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7 arrested in North Carolina on terrorism charges

The men, all but one of whom are U.S. citizens, conspired to wage jihad overseas, according to a federal indictment. The men honed their weapons skills in rural areas of the state, authorities said.

July 28, 2009|Josh Meyer

Federal authorities in North Carolina on Monday arrested seven men who they said had trained with high-powered weapons as part of a terrorist conspiracy to wage an Islamic holy war overseas.

The men -- including a father who, authorities said, trained in jihad camps in Pakistan and Afghanistan, and his two sons -- sought to provide material support to terrorists and to murder, kidnap, maim and injure people overseas, according to a seven-count federal indictment. The indictment did not allege that the group was plotting attacks on U.S. soil.

If convicted, the suspects, all but one of whom are U.S. citizens, could face life in prison.

At least some of the men were willing to die as martyrs, according to the indictment, which described a plot that began in 2006 and lasted until earlier this month. It said that the North Carolina residents had raised donations to support their training and had recruited and radicalized others -- "mostly young Muslims or converts to Islam, to believe . . . the idea that violent jihad was a personal obligation on the part of every good Muslim."

The men also offered weapons training and helped arrange overseas travel and contacts for others seeking to wage holy war, the indictment said.

Two federal law enforcement officials on Monday said the men did not commit any violent acts.

Although the indictment provided few details, it outlined a plan among four of the suspects "to meet up" in Israel, as well as other overseas forays. The conspiracy, according to the government, included other suspects "known and unknown," and its aim was to provide money, training, transportation and personnel to those wanting to fight a holy war against countries friendly to the United States.

David Kris, assistant attorney general for the Justice Department's national security division, singled out Daniel Patrick Boyd for conspiring "to recruit and help young men travel overseas in order to kill."

"These arrests today show there are people living among us, in our communities in North Carolina and around the U.S., that are honing their skills to carry out acts of murder and mayhem," said Owen D. Harris, special agent in charge of the FBI's Charlotte, N.C., division, which led the investigation. The Charlotte division includes Raleigh, Durham and Chapel Hill, N.C., where authorities say the men conspired.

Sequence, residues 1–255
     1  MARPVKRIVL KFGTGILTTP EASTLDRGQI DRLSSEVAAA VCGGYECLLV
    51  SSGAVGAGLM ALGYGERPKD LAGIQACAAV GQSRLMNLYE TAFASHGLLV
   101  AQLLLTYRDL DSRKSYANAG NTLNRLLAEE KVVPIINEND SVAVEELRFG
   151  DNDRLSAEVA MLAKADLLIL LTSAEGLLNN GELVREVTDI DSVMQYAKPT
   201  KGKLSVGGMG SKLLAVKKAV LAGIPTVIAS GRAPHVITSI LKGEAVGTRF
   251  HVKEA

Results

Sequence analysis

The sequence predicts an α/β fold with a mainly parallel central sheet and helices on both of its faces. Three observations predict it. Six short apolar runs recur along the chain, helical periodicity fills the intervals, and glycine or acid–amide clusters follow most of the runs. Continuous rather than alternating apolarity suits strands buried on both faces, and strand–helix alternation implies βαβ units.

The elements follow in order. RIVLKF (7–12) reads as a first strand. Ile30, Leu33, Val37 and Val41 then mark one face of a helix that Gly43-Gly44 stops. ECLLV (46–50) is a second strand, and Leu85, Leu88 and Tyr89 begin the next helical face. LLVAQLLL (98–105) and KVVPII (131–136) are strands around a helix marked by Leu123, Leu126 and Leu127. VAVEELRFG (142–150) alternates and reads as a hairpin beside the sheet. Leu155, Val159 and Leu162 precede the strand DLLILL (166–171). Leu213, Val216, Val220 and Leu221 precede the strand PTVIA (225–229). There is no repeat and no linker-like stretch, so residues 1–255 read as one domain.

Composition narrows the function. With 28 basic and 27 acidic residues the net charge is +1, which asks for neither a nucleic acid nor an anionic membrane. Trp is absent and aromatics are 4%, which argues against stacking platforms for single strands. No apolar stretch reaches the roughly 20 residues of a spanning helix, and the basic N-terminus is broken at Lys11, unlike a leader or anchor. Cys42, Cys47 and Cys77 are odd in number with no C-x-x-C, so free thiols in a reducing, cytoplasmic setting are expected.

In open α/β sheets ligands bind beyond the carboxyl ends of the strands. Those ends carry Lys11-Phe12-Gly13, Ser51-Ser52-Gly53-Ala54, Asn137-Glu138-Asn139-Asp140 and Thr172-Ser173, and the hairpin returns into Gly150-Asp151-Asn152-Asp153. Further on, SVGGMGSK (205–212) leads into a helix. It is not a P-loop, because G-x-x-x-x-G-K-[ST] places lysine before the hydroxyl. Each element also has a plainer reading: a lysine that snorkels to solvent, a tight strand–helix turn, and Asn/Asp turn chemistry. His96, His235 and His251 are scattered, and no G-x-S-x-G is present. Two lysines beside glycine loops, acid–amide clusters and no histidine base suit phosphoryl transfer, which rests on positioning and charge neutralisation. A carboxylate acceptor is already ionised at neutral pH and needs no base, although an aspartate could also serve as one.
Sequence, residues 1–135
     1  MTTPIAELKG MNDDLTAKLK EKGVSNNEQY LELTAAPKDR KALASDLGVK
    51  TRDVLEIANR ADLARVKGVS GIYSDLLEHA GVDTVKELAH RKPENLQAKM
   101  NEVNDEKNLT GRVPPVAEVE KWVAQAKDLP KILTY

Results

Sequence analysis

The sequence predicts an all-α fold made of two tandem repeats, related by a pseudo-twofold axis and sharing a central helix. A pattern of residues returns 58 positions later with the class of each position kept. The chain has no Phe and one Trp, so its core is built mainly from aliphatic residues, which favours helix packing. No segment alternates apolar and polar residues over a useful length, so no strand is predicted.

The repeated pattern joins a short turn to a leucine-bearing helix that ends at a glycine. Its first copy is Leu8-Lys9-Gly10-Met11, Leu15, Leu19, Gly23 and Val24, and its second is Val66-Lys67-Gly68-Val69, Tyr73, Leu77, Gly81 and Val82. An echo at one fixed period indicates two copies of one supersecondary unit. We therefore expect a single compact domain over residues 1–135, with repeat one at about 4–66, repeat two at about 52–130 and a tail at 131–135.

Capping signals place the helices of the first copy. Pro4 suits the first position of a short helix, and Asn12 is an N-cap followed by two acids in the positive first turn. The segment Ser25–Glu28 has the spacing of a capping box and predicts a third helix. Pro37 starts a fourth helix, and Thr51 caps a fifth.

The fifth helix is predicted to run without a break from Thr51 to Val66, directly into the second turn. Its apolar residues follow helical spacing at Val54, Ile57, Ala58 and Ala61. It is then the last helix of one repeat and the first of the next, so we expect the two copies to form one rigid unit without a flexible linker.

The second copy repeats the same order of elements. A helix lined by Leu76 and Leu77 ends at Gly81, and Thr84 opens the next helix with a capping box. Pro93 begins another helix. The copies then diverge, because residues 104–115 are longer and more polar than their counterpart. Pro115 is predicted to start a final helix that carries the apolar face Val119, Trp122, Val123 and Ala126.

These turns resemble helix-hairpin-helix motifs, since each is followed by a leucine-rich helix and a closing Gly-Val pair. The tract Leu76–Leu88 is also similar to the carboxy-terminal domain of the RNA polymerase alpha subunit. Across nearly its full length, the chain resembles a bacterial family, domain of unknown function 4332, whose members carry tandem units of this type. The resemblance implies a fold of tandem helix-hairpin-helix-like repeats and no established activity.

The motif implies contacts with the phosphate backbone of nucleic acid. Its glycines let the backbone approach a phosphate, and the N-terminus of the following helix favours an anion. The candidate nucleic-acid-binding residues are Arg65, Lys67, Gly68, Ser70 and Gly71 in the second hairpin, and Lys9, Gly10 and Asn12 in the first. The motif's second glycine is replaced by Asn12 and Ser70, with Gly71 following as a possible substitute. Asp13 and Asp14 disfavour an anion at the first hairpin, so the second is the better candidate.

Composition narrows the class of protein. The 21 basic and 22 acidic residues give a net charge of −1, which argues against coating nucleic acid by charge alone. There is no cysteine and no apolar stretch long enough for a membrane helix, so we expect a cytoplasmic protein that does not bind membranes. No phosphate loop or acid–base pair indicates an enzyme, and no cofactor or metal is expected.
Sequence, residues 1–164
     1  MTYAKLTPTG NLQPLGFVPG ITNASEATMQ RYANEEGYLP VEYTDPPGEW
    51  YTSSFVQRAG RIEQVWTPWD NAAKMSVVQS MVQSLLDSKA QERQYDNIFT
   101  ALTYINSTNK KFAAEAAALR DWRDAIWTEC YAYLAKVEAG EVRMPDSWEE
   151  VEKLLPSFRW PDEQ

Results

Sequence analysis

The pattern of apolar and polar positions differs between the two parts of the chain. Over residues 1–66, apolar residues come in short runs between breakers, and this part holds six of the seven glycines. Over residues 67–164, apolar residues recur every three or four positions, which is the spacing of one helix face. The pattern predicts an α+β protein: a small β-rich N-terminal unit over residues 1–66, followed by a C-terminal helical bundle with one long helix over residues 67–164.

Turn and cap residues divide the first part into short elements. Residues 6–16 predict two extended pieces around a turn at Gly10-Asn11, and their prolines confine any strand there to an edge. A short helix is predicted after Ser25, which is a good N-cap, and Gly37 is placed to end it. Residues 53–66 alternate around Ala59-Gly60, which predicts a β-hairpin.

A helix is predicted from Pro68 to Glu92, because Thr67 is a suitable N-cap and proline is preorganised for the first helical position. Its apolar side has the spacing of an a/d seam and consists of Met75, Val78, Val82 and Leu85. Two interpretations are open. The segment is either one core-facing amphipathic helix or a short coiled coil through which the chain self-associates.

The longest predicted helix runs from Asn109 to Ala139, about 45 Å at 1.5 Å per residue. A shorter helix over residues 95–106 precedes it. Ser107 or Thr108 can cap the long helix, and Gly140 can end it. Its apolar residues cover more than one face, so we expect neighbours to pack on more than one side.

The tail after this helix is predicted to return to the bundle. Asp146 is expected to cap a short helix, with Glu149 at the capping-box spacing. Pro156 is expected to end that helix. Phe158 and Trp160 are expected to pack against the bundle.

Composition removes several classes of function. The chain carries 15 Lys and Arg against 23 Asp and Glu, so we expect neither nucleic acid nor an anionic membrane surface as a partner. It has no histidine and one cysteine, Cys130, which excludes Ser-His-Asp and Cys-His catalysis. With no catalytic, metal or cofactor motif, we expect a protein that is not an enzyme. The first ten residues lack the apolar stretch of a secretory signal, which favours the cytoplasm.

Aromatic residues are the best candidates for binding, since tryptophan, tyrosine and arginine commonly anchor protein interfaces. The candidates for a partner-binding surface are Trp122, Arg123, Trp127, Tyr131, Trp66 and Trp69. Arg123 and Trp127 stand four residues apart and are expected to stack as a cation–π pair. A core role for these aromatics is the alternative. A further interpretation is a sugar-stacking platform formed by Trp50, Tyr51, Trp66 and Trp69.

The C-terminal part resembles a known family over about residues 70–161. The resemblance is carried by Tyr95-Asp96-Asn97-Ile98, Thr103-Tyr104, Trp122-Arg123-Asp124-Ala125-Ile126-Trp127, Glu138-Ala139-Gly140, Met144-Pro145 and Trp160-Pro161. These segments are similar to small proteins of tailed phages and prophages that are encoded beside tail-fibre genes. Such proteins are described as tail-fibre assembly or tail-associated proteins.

The indictment alleged that Boyd, 39, traveled to Gaza in March 2006 and attempted to enter farther into the Palestinian territories with one of his two sons.

A year later, the indictment said, Boyd -- who called himself Saifullah, or Sword of God -- his son Zakariya Boyd and two other suspects went to Israel to wage jihad but returned without success.

Defendant Ziyad Yaghi, according to the indictment, traveled to Jordan in 2006 to "engage in violent jihad." And Hysen Sherifi, a 24-year-old U.S. legal permanent resident, traveled to his native Kosovo in July 2008 to "wage violent jihad," then returned to North Carolina to raise support for Islamic militants, the indictment said.

Daniel Patrick Boyd and the other suspects showed others how to fire Kalashnikov AK-47s and other weapons similar to those used in Afghanistan, authorities said.

Over the last two months, Boyd and some of the others honed their weapons skills on private property in rural Caswell County, the indictment said.

The seven men made preliminary court appearances Monday and are due to appear at detention hearings Thursday in federal court in Raleigh. No attorneys for the men were listed in the criminal filings unsealed Monday.

Authorities would not comment on an unidentified associate of the men who the indictment said left the U.S. on Oct. 7, 2008, "to travel to Pakistan to engage in violent jihad."

The indictment unsealed Monday has highlighted the complexities of the U.S. presence in Pakistan and Afghanistan in recent decades.

Daniel Patrick Boyd once fought in Afghanistan and trained in guerrilla camps there and in Pakistan, the indictment said.

But, it added, he did so between 1989 and 1992 in an effort to fight the occupation of Afghanistan by the Soviet Union. Washington led and financed that campaign against its Cold War enemy with hundreds of millions of dollars in military and intelligence assistance, training and manpower.

The Associated Press reported that Boyd, a drywall installer in Willow Spring, N.C., and his brother had been convicted of bank robbery in Pakistan in 1991 and of carrying identification showing they belonged to the radical Afghan guerrilla group Hezb-i-Islami.

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josh.meyer@latimes.com

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